By: Dana Brunell Eisenberg, MA, MSN, APRN

Resilience is the ability to overcome serious stress or difficulty, and bounce back stronger than ever. In this series, Connecticut Children’s pediatric experts share keys to resilience, and tips to help your child be resilient during the coronavirus pandemic.

When children trust in their ability to master new skills and do things for themselves, it’s easier for them to weather the ups and downs of life – including the current pandemic.

Dana Brunell Eisenberg, MA, MSN, a nurse practitioner in Connecticut Children’s Division of Developmental Pediatrics (and an expert in “scaffolding learning”), joins the blog to explain this key to resilience.

The goal for parents is to help children help themselves.

We can help kids grow independent by giving just enough help. This means giving them the guidance they need to tackle new challenges, but resisting the urge to swoop in and do things for them. Every time your child learns something new – often, with lots of trial and error – the experience reinforces their sense of “I can do this.” That will stick with them, and help them overcome setbacks and failures throughout life.

To learn a new skill, here’s what your child needs from you:

  • Prepare a task that’s challenging but doable. For example, if you’re teaching a young child to pour, fill a child-sized pitcher with just enough liquid, and have a cloth handy for your child to mop up spills – because there will almost certainly be spills.
  • Demonstrate the task. Show your child where to place fingers, how to carefully tilt the pitcher and how to clean up any spills. Share your enjoyment of the task. Then invite your child to take a turn.
  • Step aside and let them learn to do it themselves. Yes, this means watching as your child struggles a bit. Give them time to practice and improve on their own. Nine times out of 10, they can do it.
  • Celebrate their success and efforts. Once your child knows how to pour, they’ll want to pour all the time. Great! At mealtime, put a child-sized pitcher on the table and encourage your child to pour their milk. They’ll love having a helping role, and you’ll have supported the development of coordination, fine motor and sequencing skills, plus boosted their self-confidence.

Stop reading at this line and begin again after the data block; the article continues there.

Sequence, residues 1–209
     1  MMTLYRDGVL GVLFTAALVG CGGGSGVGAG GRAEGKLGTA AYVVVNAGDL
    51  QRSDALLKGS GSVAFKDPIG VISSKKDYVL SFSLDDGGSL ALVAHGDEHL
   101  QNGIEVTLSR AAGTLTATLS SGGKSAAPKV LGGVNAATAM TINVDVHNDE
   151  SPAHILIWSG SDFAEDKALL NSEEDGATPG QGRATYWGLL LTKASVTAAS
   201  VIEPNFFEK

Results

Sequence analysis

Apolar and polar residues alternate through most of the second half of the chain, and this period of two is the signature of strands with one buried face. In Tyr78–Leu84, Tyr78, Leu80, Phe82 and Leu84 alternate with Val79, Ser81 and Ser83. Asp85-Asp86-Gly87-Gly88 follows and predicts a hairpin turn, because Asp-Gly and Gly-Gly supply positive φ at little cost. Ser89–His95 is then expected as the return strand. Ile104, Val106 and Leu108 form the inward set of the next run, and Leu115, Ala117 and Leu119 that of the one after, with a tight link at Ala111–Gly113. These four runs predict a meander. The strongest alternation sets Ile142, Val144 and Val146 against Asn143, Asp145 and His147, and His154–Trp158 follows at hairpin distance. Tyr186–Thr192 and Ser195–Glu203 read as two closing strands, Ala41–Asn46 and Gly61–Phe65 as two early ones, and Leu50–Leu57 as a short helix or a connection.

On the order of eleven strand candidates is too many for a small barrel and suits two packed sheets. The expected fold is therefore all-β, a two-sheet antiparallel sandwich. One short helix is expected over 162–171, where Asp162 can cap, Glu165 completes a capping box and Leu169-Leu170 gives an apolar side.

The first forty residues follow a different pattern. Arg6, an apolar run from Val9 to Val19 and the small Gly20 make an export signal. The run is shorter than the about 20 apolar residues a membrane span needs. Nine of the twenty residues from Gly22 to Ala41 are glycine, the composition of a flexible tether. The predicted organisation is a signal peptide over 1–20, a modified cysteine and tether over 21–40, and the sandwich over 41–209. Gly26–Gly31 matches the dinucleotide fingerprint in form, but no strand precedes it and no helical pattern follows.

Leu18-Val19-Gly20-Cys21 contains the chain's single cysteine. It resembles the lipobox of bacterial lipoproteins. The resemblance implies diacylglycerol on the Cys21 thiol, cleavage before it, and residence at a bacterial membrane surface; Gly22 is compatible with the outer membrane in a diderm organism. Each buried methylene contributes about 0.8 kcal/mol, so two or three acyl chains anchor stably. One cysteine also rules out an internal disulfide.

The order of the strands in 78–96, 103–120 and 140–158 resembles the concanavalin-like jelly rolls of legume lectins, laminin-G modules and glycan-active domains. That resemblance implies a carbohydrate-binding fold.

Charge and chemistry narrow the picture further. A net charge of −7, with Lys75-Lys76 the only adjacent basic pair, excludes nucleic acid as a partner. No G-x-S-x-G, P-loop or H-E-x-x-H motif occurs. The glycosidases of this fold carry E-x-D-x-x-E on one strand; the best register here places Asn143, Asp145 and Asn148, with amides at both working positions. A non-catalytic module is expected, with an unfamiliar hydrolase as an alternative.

See below for more independence-building activities you can do at home. For extra inspiration, check out 16 Creative Ways to Keep Your Kids Busy During Social Distancing.

Young kids

Young children thrive on hands-on experiences that help them understand how the physical world works. Look for opportunities to help them answer the “what” questions of life – “What is this tool and what does it do?” – with activities like these.

  • Making a bed
  • Hanging up one’s coat
  • Dusting/polishing/sweeping/scrubbing
  • Watering plants
  • Setting the table
  • Helping prepare a simple snack (washing grapes, tearing lettuce leaves)

School-aged kid

School-aged children are more abstract thinkers, who are beginning to wonder about the bigger-picture questions of “how” and “why.” They are also very social. Look for ways to shape their understanding of different concepts as you encourage them to try more complicated tasks.

  • Preparing part of a meal (fruit salad, greens and vegetable salad)
  • Baking with an adult
  • Taking care of pets
  • Wrapping presents
  • Gardening
  • Sorting/folding the laundry
  • Arranging flowers (child-sized vase; smaller flowers, child scissors to trim stems)
  • Planning a virtual family get-together

> Connecticut Children’s Office for Community Child Health is committed to building resilience in children and families so they can be better positioned to thrive in challenging times. Learn more about our community-oriented work.

Adolescents

Adolescents are trying to figure out how they fit into society and can make a difference. Guide them toward activities in which they can shape and improve something on a grander scale. Here are a few examples.

  • Planning an outing
  • Helping with shopping lists/budgeting
  • Preparing a simple meal (with all food groups represented)
  • Identifying a need in the community and designing a plan to address it (there are plenty!)
  • Inventing a new process or gizmo to improve household chores/routines

At all ages, remember these takeaways.

  • Find activities that honor your child’s unique interests and inclinations.
  • Help your child with the hardest part of a task (not the whole task).
  • Show your enthusiasm for the activity and for your child’s attempts and success.
  • Let go of perfection – this is a process, not a product.

Most of all, enjoy and appreciate this time with your child. Behold the wonder of watching your child’s brain work, and their pride in all the things they can accomplish by themselves.

 

Read the next article in the series >>

Check out all of our coronavirus resources for families >>

Share This Post

Newsletter Sign-up
Want our latest Blog posts sent directly to your inbox once a month? Sign-up below.
* indicates required